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So. I brought the little bitty computer with me to Kripalu with the express intention of writing every night while I was on retreat. But it turned out that even checking my email on the little machine was akin to trading on the NASDAQ from a cigar box, so, um, yeh, that really didn’t happen. But honestly, this was the first time in four years that I went on retreat and brought any electronic business with me – usually I go up there and unplug pretty completely; I don’t even call home, right? So perhaps this was a sign from the Universe that really, unplugged is the way to go while I’m on retreat. Or that the little lappie just gets bamboozled when taken out of its natural environment.* But, um, I’m back \o/
Anyway! What a fantastic week this was! This was the second year that Mom and I went to Kripalu for the Vibrant Visionary Collage Workshop, and it did not disappoint. We were both a little apprehensive that the course material would repeat from the year before, but no such thing – the presenter, Karen Arp-Sandel, had a different angle of approach this year from the year before, and it was just as delightful as it was the year before.**
So the workshop is just what you might think it is from the title – it’s a week of collaging, cutting and pasting, and playing with paper and pieces, and learning techniques for treating paper and other images. Which, in my book, is pretty dandy all in itself. But wait – there’s more: tho’ we were working in the studio all week,*** really, the focus was on Sisterhood. Now, before you tune out because that sounds all new-agey, try and embrace the crunchy granola spot inside you, because it was really truly osm to be in the presence of such business all week. (Also, please go read this, which I had the luxury of reading directly upon return – funny these rhythms, huh? Also, this.****)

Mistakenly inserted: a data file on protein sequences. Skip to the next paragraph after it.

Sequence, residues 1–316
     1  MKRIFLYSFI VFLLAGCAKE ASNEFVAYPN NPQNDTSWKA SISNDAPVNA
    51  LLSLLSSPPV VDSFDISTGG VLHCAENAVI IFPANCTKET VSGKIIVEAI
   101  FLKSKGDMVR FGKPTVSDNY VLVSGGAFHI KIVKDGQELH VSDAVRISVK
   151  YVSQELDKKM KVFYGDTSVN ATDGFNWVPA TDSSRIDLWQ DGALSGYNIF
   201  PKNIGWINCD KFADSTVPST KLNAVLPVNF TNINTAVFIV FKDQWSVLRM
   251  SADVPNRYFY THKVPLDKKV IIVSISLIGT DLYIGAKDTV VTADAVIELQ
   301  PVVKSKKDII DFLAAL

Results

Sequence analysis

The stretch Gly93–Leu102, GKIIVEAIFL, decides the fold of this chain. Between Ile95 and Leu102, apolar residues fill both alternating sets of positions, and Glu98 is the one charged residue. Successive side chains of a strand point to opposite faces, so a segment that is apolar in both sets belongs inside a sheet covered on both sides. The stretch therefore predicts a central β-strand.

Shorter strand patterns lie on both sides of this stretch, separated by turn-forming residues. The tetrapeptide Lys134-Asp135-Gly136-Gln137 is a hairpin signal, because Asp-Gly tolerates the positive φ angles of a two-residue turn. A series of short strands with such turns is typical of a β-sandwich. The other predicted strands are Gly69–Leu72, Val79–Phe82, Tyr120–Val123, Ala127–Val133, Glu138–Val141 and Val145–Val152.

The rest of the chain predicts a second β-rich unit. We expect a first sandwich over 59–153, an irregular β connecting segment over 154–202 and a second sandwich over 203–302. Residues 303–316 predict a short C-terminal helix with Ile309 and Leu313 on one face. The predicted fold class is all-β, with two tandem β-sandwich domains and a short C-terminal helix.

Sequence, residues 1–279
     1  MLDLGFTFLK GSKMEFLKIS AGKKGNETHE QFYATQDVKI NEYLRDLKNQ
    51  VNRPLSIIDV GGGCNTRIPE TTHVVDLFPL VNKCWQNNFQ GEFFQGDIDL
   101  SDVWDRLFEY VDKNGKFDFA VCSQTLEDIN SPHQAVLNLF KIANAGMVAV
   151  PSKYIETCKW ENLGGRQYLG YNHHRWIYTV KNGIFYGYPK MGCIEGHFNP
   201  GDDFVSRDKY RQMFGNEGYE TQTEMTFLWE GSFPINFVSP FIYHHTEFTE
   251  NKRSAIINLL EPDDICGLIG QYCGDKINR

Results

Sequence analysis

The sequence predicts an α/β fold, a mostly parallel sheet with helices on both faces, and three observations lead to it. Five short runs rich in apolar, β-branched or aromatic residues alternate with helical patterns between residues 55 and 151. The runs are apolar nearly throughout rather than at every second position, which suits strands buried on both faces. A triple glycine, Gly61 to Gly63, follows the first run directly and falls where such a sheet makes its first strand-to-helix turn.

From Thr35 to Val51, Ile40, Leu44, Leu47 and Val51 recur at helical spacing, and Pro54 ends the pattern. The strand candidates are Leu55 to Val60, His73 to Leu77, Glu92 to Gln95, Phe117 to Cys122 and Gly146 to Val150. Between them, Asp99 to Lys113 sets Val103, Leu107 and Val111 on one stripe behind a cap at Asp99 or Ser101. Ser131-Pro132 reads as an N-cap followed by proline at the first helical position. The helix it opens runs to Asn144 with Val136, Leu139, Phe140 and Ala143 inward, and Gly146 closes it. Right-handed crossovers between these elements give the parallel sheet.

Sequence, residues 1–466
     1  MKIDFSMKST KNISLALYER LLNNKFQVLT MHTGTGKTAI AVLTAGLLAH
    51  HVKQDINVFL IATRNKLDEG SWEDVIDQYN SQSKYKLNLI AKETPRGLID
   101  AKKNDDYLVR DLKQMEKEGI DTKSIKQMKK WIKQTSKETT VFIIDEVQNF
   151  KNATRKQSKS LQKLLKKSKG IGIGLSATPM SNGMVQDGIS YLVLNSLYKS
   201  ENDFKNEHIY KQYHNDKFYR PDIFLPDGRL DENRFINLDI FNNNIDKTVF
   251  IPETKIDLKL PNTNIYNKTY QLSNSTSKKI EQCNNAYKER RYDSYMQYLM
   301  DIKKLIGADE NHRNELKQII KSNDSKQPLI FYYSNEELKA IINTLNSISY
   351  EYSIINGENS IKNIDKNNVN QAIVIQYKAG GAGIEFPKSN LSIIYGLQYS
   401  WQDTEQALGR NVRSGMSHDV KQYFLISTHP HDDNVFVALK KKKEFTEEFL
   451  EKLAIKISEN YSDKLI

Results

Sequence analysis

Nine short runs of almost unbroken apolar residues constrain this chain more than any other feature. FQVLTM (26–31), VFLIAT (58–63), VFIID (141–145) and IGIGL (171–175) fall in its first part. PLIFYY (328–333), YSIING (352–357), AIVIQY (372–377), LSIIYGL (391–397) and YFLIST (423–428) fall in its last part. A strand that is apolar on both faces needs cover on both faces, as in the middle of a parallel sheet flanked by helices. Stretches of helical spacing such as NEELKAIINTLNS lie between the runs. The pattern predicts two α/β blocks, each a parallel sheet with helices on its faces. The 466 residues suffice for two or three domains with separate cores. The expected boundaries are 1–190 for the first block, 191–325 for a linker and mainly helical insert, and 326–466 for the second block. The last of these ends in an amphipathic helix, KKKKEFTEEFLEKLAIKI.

I truly felt a strong vibe of Sisterhood in that room full of interesting, strong women. For someone who struggles (frequently) over the notions of safe spaces v. ghettoization of women, it was kind of a big deal for me. Maybe it’s easier to begin explaining it in terms of what it was not: it was not divisive, it was not anti-, it was not aggressive, it was not political beyond what the personal is in all of us. I don’t remember any talk about men in terms other than in terms of the husbands, sons, fathers, and brothers that we love.***** Actually, I don’t remember a whole lot of talk about men overall – primarily the talk was about women in our lives. There was a lot of talk of sisters and mothers. There were three mother/daughter pairs of participants in the group (I was honored to be part of one of those pairs, myself). And the energy in the room was about bringing together, about shared experience and consciousness as women, and about play expressed in in that scope.
It was also about claiming one’s art.